Dressing in men’s clothes, staying honest and our fucked up standards of beauty: we chat to Melbourne’s Bel

Bel is the musical moniker of Isabelle Rich, a fully-formed artistic ideal which has been projected upon the world with unflinching style, honesty and attention to detail.

Her debut EP Melancholia hit the airwaves on February 10th, and what we received was a performance from a seasoned artisan, not a 21 year-old making her sonic debut. Eager to find out more about Bel and the young woman behind the artist, we caught up for a chat.

Photos by Liam Cameron
Photos by Liam Cameron

Intertwine and enrich the spheres of music, art and fashion with Bel, Melbourne’s electronic producer exploding with creative potential.

HAPPY: Thanks for coming up to Sydney, how are you?

BEL: I’m good, you?

HAPPY: Very good. So. The obvious place to start is your EP Melancholia, which has just dropped. What has the initial response been?

BEL: It’s been really nice, it’s always quite surprising for me because I’m quite a new artist so any type of feedback that I get will surprise me. I’m not used to it. I wasn’t much of a Twitter user before two months ago when my band mate Hamish said “Look Bel, you have to get on Twitter, it’s where it’s at.” The response on Twitter was insane, I got all these tweets coming at me within an hour of it coming out so that was really nice. Just random people.

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HAPPY: It’s weird how one social media channel can just blow up sometimes.

BEL: It was insane! I’d never had experience with it.

HAPPY: And how long had you been writing the EP?

BEL: I wrote the songs pretty quickly. I’ll write a whole song in one sitting, in about 15-20 minutes, sometimes more sometimes less.

HAPPY: That is very quick.

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BEL: But then I’ll go back, arrange it and edit it and that will take longer. I wrote these songs in the space of about two months but the recording and production process took quite a bit longer because I tend to be a perfectionist in all it’s intricacies.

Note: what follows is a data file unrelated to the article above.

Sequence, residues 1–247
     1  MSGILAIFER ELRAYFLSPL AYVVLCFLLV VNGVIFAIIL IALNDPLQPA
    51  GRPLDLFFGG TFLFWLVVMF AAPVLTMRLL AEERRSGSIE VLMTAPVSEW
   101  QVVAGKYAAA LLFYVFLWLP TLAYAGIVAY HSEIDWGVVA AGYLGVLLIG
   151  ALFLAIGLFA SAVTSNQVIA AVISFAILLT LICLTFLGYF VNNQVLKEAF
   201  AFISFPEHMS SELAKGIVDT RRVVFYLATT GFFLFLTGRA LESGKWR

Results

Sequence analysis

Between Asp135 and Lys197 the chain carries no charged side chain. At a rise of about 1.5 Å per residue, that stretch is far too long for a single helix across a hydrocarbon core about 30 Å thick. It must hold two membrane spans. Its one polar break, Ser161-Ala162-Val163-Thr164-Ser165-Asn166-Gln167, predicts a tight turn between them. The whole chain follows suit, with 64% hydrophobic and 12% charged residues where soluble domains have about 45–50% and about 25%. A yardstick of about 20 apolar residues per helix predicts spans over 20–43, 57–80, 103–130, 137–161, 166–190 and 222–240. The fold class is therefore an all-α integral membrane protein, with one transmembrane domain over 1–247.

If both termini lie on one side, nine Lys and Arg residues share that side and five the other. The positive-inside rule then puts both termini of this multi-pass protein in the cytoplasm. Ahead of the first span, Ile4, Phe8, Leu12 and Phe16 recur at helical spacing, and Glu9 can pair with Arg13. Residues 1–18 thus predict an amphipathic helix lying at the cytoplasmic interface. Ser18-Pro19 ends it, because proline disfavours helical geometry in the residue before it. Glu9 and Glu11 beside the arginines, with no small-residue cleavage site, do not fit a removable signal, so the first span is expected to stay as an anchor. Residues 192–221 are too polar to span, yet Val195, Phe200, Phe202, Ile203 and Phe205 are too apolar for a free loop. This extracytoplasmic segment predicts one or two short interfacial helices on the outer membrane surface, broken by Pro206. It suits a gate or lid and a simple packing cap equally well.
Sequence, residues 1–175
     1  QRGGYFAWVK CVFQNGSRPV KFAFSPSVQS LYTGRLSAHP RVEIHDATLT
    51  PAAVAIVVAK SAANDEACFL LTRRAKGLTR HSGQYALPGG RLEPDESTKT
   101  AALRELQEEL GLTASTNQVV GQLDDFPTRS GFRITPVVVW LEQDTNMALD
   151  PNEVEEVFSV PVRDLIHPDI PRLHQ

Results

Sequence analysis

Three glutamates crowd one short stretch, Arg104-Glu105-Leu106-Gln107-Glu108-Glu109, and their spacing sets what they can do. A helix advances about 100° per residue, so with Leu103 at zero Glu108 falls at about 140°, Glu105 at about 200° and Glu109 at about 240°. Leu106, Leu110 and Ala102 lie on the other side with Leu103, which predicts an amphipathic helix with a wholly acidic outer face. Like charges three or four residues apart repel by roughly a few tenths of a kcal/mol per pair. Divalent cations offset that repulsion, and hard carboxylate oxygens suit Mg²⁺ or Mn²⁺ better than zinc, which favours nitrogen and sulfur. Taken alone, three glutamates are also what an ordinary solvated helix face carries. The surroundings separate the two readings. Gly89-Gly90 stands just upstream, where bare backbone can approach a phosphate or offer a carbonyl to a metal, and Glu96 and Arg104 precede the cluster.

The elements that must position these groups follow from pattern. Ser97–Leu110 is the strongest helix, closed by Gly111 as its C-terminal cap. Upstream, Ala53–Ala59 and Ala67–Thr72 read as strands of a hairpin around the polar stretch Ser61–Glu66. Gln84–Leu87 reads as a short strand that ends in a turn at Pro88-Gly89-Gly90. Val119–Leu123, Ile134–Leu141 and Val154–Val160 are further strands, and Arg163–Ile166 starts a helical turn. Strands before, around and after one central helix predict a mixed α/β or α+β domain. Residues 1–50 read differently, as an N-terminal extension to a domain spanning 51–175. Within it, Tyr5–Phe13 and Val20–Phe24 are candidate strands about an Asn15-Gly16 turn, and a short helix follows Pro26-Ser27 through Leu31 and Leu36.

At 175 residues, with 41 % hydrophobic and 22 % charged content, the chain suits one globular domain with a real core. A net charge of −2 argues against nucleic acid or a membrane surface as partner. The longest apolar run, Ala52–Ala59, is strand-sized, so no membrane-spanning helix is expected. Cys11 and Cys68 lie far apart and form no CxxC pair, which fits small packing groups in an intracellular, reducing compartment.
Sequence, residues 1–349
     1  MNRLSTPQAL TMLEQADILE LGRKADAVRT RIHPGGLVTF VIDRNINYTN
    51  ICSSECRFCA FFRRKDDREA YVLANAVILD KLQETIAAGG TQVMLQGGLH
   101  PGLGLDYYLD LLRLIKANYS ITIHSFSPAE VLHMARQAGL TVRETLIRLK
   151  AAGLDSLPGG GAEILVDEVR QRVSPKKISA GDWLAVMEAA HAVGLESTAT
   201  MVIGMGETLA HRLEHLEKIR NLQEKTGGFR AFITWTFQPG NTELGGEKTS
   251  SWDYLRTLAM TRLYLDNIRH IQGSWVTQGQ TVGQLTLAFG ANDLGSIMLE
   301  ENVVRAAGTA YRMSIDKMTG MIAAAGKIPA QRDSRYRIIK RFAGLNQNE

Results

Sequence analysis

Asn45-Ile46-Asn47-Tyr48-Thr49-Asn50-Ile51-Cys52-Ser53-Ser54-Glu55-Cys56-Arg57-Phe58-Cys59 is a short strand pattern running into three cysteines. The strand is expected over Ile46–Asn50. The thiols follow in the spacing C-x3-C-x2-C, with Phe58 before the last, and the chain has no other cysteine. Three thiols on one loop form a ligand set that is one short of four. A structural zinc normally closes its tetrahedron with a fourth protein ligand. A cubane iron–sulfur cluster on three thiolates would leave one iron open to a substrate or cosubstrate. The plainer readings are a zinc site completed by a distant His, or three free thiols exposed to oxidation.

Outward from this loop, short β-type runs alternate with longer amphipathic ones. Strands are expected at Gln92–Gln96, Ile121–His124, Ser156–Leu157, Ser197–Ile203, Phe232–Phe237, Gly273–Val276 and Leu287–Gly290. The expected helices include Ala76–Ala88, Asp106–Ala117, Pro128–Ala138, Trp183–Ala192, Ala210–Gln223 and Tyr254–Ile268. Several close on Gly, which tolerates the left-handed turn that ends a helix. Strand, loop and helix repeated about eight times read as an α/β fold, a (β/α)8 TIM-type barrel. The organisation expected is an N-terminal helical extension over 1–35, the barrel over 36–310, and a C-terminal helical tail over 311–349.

HAPPY: Obviously it’s quite a personal EP, were you nervous putting it out?

BEL: Not really, I have nothing to hide. I’m not embarrassed. The good thing about putting out something that means a lot to you is that other people see that you’re being really honest and that you’re doing what you love for yourself, not the wrong reasons. But no, it doesn’t worry me. My songs and my lyrics are like my diary. If I wasn’t writing honest lyrics, then what’s the point of being an artist?

HAPPY: The photo shoot you did to accompany Own Home – Collisions, it was actually men’s clothing you were wearing?

BEL: Yep.

HAPPY: Can you tell me about that decision a bit?

BEL: I wear a lot of male and female clothing, I’d say I’m quite an androgynous dresser. It wasn’t really a decision based on a political stance or anything like that. I felt really comfortable in the clothing, I really liked it. I believe that clothing should be for everyone, so while other people may see something and say ‘this is male clothing’ or ‘this is female clothing’,  for me it’s just clothing. I think fashion is very open.

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HAPPY: Like any other art form?

BEL: Yep. It’s for everyone and we shouldn’t label it.

HAPPY: There’s a real aesthetic to it all, we’ve tossed around the term ‘anti-pretty’…

BEL: Yeah I love that!

HAPPY: It seemed pretty bang-on.

BEL: Absolutely, it’s why I loved it so much.

HAPPY: Why did you want to make that the central theme of your EP’s aesthetic? Why did you want to hone in on that?

BEL: It didn’t initially start that way. I collaborated with Tré & Elmaz on those photos, they’re fashion photographers but they also happen to be best friends. We were talking about the idea of collage and ripping things together, it was kind of the theme to Melancholia. It was then I realised that as a visual, it was anti-pretty and for me that’s a really powerful statement. The way we view beauty as a society is really fucked up.

HAPPY: In what sense?

BEL: We have ideals of beauty that are very limiting and very non-progressive and it bothers me. Doing something anti-pretty, again it’s not a political statement but these types of issues are important to me and I feel like as I develop and grow as an artist it’s important for me to grown and develop things that matter, or I’m just a wasted voice.